Air Miles and God

The Archbishop of Canterbury has waded into the air miles debate.

In an interview with The Times, Dr Rowan Williams said that families needed to respond to the threat of climate change by changing their shopping habits and adjusting their diets to the seasons, eating fruit and vegetables that could be grown in Britain.

He said that the carbon footprint of peas from Kenya and other airfreighted food was too high and families should not assume that all types of food would be available through the year. Dr Williams called for more land to be made available for allotments, saying that they would help people to reconnect with nature and wean them off a consumerist lifestyle.

The Times goes on quite rightly to point out that these exports have a huge role to play in the economies of countries such as Kenya, reminding us that air miles are not the only factor to consider when thinking about buying imported food. African agriculture is generally far more sustainable than that practised in Europe. This is an old debate and one that will no doubt resurface from time to time.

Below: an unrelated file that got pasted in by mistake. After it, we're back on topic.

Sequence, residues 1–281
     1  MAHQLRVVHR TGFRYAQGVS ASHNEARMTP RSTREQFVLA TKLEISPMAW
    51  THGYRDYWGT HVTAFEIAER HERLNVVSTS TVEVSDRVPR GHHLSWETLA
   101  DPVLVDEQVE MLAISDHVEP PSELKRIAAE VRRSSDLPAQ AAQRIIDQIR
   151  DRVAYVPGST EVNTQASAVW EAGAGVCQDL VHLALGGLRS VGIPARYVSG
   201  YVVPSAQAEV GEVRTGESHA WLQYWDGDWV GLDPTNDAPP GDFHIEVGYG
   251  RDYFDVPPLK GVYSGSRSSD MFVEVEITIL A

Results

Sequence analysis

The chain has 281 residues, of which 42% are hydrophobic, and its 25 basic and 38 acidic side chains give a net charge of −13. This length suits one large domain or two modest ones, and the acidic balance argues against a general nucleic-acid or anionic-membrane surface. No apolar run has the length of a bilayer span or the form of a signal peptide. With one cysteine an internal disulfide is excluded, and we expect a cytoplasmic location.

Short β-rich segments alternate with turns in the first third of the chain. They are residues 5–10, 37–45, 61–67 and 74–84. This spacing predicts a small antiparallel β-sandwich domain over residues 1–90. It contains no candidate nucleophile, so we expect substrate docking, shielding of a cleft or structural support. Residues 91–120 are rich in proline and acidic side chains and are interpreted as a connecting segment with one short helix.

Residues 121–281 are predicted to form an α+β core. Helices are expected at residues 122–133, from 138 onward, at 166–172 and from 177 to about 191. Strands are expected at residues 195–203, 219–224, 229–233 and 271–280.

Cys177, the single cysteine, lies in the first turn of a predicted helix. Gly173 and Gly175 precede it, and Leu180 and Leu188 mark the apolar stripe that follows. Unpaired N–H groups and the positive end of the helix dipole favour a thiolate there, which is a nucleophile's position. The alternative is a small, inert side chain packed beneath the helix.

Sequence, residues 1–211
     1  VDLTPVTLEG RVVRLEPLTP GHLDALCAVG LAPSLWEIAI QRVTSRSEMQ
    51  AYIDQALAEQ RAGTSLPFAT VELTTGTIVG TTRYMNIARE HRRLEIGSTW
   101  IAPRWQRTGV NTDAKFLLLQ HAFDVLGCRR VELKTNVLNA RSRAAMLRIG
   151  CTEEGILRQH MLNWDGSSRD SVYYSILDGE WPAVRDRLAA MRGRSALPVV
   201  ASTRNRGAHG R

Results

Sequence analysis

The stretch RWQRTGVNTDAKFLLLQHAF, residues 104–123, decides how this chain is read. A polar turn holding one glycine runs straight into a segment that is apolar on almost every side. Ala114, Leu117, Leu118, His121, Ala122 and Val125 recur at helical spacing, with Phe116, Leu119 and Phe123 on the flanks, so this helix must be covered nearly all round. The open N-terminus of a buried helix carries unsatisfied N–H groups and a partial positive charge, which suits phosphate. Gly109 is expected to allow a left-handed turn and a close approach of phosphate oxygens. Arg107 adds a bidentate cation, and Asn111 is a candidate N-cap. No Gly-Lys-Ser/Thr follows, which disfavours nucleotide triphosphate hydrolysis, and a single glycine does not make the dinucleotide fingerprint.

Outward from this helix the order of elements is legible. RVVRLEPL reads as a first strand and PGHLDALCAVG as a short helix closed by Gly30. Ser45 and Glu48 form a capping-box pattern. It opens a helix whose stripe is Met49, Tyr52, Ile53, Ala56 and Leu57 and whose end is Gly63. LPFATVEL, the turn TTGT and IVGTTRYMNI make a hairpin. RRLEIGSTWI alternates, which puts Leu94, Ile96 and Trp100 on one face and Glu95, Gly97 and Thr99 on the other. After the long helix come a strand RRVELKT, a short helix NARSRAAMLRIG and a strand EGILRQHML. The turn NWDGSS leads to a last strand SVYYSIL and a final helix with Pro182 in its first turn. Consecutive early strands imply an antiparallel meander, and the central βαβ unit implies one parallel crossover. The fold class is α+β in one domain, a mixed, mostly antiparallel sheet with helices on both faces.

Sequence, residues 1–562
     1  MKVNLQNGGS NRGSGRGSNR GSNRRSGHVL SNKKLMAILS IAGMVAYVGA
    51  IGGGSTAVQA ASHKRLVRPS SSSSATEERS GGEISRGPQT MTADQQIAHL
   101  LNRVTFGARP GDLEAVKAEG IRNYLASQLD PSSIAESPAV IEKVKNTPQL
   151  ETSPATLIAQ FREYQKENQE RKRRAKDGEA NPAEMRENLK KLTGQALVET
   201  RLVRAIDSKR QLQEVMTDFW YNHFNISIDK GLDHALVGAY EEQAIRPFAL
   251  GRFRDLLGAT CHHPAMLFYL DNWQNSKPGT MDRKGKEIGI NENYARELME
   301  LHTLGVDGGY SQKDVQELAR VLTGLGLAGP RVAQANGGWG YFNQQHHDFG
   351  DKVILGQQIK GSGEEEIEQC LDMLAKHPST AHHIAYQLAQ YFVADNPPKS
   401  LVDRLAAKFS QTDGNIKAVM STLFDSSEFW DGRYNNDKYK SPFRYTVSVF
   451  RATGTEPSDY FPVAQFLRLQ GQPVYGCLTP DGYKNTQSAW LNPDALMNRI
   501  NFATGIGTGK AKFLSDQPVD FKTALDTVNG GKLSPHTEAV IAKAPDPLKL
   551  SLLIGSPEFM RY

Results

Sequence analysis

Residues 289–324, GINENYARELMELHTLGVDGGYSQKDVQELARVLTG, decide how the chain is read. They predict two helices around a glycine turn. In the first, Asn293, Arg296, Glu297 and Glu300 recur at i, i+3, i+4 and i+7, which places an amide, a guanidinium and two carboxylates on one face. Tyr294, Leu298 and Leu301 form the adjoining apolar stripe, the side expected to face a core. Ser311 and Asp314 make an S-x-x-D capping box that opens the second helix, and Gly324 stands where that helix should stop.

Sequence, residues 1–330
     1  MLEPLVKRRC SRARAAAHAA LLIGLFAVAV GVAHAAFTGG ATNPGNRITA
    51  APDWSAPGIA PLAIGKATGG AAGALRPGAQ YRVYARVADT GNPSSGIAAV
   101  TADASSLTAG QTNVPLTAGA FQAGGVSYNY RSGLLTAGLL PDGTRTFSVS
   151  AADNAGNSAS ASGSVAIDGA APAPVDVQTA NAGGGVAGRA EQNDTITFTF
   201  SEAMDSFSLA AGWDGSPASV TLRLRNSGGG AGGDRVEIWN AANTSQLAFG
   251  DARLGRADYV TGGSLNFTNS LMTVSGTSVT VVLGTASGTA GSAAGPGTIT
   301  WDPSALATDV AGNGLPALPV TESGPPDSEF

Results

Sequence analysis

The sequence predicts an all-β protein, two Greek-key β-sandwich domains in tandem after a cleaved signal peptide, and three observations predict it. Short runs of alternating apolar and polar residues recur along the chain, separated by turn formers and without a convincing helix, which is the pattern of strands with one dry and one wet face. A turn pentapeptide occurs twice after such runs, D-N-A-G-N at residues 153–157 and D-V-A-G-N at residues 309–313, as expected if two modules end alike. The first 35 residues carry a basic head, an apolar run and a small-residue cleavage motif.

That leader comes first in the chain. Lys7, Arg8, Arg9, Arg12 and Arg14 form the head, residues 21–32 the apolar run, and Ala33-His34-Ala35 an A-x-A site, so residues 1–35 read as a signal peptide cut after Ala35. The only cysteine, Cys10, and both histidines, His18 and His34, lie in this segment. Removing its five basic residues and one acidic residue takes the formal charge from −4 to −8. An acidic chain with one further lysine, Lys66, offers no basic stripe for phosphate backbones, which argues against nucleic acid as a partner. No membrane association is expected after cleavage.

But once again the danger is that consumers will make decisions without thinking fully about the impact on Africa. The fashion for buying local produce may well be rooted in good sense, but celebrity chefs have turned it into a lifestyle choice that too often risks obscuring the real consequences. The Archbishop of Canterbury is right to question our consumerist lifestyle but then falls into the trap of urging shoppers to avoid air-freighted food.

And anyway, what has it got to do with him?